The CBC! What is it? And what does it have to do with you?
The CBC or the Community Book Connection is a program created by faculty members to encourage students, teachers and faculty to each year, read the same book. This allows “classroom learning [to be] linked to real-life social issues and concerns.”
Did you know that you as a student or faculty member can vote for whichever book you are most interested in. For the 2020-2021 academic year, there are three books on the list of contenders. The first, “On Earth We’re Briefly Gorgeous” by Ocean Vuong. The second, “The Sixth Extinction: An Unnatural History” by Elizabeth Kolbert. Finally, the third, “The Truth About Stories” by Thomas King.
“On Earth We’re Briefly Gorgeous” is a letter written by a son to his mother who cannot read. It is rooted in Vietnam while targeting American ideals. This book has undertones on: race, masculinity, and class, violence, addiction, and trauma. I think this book is really interesting because of its format. A personal letter from a child to a parent where the parent cannot understand its contents. If I had to write a deeply personal letter to my parents, it is not something that I would feel comfortable doing, sharing or even writing. So I think that this is an excellent candidate for the book of the year.
“The Sixth Extinction: An Unnatural History” focuses on the sixth extinction that the world is facing and its main cause is us, the human beings. Kolbert uses humor as a way to keep this book entertaining while also stating the facts by using experts in their fields as sources – marine biologists, scientists. I think that this book addresses something that people need to hear and continue to hear until they are convinced of it and want to put a stop to any more harmful practices that harm the earth and its inhabitants. I believe that this is an important issue and a very good choice for book of the year.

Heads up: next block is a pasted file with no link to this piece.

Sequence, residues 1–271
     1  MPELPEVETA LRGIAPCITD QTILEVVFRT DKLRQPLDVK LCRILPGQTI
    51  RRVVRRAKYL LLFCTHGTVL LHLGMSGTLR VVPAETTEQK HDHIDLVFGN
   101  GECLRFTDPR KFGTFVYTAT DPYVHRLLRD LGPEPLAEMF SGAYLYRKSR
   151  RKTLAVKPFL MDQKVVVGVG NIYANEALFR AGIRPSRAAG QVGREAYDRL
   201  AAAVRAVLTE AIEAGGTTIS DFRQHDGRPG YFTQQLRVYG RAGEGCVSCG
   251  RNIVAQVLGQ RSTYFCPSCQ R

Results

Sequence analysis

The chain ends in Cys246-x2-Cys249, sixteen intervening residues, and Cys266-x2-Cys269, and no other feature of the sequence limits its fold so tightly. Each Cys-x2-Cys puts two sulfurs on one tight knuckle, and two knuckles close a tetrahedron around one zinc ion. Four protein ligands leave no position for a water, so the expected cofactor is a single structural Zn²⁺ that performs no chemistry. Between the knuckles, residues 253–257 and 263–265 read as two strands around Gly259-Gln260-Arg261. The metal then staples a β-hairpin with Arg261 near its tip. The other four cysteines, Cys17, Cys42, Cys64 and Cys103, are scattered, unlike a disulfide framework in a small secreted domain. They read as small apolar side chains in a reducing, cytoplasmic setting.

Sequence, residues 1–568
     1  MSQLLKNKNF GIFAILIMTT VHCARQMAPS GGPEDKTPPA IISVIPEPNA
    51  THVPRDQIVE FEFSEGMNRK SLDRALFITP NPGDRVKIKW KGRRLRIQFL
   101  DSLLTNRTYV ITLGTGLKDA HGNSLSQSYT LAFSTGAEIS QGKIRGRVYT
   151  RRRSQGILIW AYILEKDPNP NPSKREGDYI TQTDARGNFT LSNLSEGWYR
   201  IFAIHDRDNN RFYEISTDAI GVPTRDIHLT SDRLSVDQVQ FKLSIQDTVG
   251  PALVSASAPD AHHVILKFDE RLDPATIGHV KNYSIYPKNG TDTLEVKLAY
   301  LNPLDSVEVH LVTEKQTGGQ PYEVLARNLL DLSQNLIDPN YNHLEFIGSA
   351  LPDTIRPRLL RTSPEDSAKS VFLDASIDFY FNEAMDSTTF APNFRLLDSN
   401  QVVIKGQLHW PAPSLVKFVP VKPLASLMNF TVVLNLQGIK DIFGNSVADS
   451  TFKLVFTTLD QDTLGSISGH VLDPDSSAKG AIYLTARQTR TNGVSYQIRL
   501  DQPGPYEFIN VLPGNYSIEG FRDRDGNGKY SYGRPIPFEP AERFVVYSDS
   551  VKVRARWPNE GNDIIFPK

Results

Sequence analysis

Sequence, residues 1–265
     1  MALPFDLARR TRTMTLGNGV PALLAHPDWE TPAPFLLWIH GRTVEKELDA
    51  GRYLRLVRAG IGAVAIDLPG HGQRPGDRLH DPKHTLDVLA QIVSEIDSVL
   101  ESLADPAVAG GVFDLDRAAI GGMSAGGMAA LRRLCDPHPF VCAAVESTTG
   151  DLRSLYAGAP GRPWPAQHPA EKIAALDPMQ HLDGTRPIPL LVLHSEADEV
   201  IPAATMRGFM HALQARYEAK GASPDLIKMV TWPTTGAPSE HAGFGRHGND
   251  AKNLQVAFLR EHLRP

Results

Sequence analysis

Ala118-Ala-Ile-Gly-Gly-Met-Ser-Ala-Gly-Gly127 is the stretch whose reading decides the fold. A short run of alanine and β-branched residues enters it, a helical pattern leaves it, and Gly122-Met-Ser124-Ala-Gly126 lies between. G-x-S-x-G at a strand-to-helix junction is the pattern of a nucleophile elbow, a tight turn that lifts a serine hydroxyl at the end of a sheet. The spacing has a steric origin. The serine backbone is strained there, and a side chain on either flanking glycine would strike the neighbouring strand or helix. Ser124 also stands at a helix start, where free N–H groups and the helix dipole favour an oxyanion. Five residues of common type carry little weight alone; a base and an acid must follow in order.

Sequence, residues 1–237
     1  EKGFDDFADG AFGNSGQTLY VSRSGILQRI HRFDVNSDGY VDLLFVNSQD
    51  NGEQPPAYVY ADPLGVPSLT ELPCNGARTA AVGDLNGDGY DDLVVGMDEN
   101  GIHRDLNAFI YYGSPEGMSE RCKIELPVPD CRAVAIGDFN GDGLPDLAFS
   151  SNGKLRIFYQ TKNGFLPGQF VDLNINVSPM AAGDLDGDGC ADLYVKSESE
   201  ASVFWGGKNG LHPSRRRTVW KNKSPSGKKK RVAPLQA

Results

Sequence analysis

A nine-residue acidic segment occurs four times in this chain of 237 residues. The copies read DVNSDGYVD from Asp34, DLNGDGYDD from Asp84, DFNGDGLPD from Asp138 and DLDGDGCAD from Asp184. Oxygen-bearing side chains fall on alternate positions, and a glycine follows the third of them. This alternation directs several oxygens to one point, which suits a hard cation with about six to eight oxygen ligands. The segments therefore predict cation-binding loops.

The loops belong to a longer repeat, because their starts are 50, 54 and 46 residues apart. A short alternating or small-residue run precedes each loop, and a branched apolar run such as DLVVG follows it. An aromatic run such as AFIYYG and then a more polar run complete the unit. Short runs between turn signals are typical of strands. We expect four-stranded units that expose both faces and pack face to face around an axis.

“The Truth About Stories” touches on how stories are interpreted different ways and how that affects how we interact with others. It focus on Native Indians and the stories they tell and the stories that are told about them. King focuses on the importance of storytelling as a whole and the responsibility that it carries. I think this is an interesting pick for book of the year because it brings a new perspective from a culture that we don’t get to hear from a lot.
I hope you are excited about what the book for the 2020-2021 academic year is going to be. Also, even if you are not in a class that will be require you to read one of these book, I still encourage you to read one or all of them. I think they all bring something interesting to the table with their diverse topics.
Below is a link taking you directly to the voting page where brief descriptions of the books are given and scrolling all the way down is where you can vote by plugging in your student/faculty ID number and simply voting.